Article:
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Probiotics and irritable bowel syndrome.
World J Gastroenterol. 2013 Sep 28; 19(36):5973-80.WJ

Abstract

Irritable bowel syndrome (IBS) is common gastrointestinal problems. It is characterized by abdominal pain or discomfort, and is associated with changes in stool frequency and/or consistency. The etiopathogenesis of IBS may be multifactorial, as is the pathophysiology, which is attributed to alterations in gastrointestinal motility, visceral hypersensitivity, intestinal microbiota, gut epithelium and immune function, dysfunction of the brain-gut axis or certain psychosocial factors. Current therapeutic strategies are often unsatisfactory. There is now increasing evidence linking alterations in the gastrointestinal microbiota and IBS. Probiotics are living organisms which, when ingested in certain numbers, exert health benefits beyond inherent basic nutrition. Probiotics have numerous positive effects in the gastrointestinal tract. Recently, many studies have suggested that probiotics are effective in the treatment of IBS. The mechanisms of probiotics in IBS are very complex. The purpose of this review is to summarize the evidence and mechanisms for the use of probiotics in the treatment of IBS.

Authors+Show Affiliations

Cong Dai, Xiao-Yu Ma, Li-Juan Jiang, Department of Cadre Ward V, First Affiliated Hospital, China Medical University, Shenyang 110001, Liaoning Province, China.No affiliation info availableNo affiliation info availableNo affiliation info availableNo affiliation info available

Pub Type(s)

Journal Article
Review

Language

eng

PubMed ID

24106397

Citation

Dai, Cong, et al. "Probiotics and Irritable Bowel Syndrome." World Journal of Gastroenterology, vol. 19, no. 36, 2013, pp. 5973-80.
Dai C, Zheng CQ, Jiang M, et al. Probiotics and irritable bowel syndrome. World J Gastroenterol. 2013;19(36):5973-80.
Dai, C., Zheng, C. Q., Jiang, M., Ma, X. Y., & Jiang, L. J. (2013). Probiotics and irritable bowel syndrome. World Journal of Gastroenterology, 19(36), 5973-80. https://doi.org/10.3748/wjg.v19.i36.5973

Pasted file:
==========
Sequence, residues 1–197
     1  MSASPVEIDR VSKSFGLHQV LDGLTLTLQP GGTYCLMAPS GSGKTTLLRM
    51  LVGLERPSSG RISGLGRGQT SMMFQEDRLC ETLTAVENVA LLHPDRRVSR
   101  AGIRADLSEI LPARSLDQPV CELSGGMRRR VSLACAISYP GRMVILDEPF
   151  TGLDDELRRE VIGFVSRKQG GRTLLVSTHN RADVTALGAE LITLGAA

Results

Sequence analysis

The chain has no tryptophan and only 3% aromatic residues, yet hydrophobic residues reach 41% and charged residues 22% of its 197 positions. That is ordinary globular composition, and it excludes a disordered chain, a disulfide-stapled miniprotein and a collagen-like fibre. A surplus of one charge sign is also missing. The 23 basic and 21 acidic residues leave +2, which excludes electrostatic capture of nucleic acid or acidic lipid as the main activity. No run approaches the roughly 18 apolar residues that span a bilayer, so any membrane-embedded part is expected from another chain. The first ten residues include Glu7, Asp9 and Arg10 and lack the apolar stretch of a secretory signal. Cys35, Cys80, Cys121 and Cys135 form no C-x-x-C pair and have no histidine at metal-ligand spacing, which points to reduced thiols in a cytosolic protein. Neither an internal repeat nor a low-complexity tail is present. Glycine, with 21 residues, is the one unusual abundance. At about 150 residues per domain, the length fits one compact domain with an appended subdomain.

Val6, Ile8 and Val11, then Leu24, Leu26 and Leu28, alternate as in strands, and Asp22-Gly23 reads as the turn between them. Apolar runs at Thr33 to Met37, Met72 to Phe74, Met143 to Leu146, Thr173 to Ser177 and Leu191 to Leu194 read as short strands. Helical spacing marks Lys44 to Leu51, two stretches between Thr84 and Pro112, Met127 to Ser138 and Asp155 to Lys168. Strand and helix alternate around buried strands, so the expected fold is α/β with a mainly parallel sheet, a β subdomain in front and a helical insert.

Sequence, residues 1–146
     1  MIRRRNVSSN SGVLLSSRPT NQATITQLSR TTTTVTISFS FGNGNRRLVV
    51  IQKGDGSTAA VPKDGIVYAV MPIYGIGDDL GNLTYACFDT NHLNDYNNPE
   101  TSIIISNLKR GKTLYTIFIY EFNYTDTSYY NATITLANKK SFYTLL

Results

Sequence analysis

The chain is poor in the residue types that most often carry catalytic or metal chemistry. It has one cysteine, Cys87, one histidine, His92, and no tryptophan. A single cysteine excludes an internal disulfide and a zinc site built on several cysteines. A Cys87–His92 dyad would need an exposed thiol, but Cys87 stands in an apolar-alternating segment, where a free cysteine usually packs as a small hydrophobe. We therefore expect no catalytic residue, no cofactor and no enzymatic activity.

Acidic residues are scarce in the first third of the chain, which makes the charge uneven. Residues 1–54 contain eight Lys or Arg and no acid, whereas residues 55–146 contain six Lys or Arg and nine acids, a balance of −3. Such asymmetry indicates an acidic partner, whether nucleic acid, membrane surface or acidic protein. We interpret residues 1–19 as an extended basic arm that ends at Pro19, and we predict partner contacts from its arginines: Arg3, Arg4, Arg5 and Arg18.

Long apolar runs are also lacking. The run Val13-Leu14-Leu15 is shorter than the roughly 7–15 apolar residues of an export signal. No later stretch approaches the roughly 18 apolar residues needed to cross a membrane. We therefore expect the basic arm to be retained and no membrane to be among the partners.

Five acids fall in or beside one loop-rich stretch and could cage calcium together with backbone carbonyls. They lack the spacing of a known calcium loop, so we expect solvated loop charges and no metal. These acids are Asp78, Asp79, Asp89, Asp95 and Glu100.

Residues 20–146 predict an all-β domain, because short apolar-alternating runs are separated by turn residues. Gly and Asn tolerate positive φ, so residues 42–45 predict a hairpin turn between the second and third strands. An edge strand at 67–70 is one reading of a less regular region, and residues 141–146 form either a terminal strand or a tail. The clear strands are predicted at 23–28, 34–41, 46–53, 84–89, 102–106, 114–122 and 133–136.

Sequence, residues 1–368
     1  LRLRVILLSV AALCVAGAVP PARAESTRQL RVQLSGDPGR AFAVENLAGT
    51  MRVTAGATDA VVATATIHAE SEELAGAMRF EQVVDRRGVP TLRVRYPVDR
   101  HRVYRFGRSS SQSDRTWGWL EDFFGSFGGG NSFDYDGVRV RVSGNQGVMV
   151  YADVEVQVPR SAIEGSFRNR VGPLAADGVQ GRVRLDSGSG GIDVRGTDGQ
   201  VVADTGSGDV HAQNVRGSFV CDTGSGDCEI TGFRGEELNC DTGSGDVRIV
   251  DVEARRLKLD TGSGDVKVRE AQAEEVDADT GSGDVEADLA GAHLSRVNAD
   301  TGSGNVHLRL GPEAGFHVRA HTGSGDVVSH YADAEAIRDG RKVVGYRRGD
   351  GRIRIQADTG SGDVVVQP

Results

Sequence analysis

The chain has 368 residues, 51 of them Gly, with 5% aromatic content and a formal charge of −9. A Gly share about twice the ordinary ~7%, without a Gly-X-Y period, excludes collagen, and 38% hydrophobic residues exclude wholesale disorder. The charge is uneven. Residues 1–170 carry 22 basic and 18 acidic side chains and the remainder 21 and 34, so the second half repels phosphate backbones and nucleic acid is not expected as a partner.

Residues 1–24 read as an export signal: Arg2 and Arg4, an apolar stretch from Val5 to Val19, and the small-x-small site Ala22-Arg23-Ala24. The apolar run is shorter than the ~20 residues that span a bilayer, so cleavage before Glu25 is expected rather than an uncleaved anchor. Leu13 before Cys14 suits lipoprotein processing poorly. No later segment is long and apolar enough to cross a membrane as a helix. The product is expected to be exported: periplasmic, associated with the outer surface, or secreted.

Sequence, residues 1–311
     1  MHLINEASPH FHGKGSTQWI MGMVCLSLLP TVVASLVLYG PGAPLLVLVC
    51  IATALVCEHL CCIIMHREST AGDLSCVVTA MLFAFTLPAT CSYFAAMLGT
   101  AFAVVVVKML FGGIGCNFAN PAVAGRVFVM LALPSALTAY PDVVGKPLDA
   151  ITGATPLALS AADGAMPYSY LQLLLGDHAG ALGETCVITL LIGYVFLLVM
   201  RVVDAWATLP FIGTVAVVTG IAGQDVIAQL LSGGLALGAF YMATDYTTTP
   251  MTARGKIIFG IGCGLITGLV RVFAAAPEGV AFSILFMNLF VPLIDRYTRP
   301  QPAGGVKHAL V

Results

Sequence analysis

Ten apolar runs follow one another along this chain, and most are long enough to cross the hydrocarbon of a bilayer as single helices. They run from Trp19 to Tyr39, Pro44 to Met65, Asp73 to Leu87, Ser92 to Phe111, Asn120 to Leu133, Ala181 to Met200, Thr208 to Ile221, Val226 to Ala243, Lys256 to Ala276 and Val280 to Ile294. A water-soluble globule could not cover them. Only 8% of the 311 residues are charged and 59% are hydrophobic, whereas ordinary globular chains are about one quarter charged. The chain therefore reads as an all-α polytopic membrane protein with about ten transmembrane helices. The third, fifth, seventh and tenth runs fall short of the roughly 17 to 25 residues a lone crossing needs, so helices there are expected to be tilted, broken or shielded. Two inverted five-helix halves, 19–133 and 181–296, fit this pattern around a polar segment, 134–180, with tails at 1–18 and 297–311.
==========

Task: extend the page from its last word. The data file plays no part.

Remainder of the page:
Dai C, et al. Probiotics and Irritable Bowel Syndrome. World J Gastroenterol. 2013 Sep 28;19(36):5973-80. PubMed PMID: 24106397.
* Article titles in AMA citation format should be in sentence-case
TY - JOUR T1 - Probiotics and irritable bowel syndrome. AU - Dai,Cong, AU - Zheng,Chang-Qing, AU - Jiang,Min, AU - Ma,Xiao-Yu, AU - Jiang,Li-Juan, PY - 2013/05/23/received PY - 2013/07/14/revised PY - 2013/08/04/accepted PY - 2013/10/10/entrez PY - 2013/10/10/pubmed PY - 2014/3/14/medline KW - Brain-gut axis KW - Immune function KW - Irritable bowel syndrome KW - Probiotics KW - Visceral hypersensitivity SP - 5973 EP - 80 JF - World journal of gastroenterology JO - World J Gastroenterol VL - 19 IS - 36 N2 - Irritable bowel syndrome (IBS) is common gastrointestinal problems. It is characterized by abdominal pain or discomfort, and is associated with changes in stool frequency and/or consistency. The etiopathogenesis of IBS may be multifactorial, as is the pathophysiology, which is attributed to alterations in gastrointestinal motility, visceral hypersensitivity, intestinal microbiota, gut epithelium and immune function, dysfunction of the brain-gut axis or certain psychosocial factors. Current therapeutic strategies are often unsatisfactory. There is now increasing evidence linking alterations in the gastrointestinal microbiota and IBS. Probiotics are living organisms which, when ingested in certain numbers, exert health benefits beyond inherent basic nutrition. Probiotics have numerous positive effects in the gastrointestinal tract. Recently, many studies have suggested that probiotics are effective in the treatment of IBS. The mechanisms of probiotics in IBS are very complex. The purpose of this review is to summarize the evidence and mechanisms for the use of probiotics in the treatment of IBS. SN - 2219-2840 UR - https://www.unboundmedicine.com/medline/citation/24106397/Probiotics_and_irritable_bowel_syndrome_ L2 - https://www.wjgnet.com/1007-9327/full/v19/i36/5973.htm DB - PRIME DP - Unbound Medicine ER -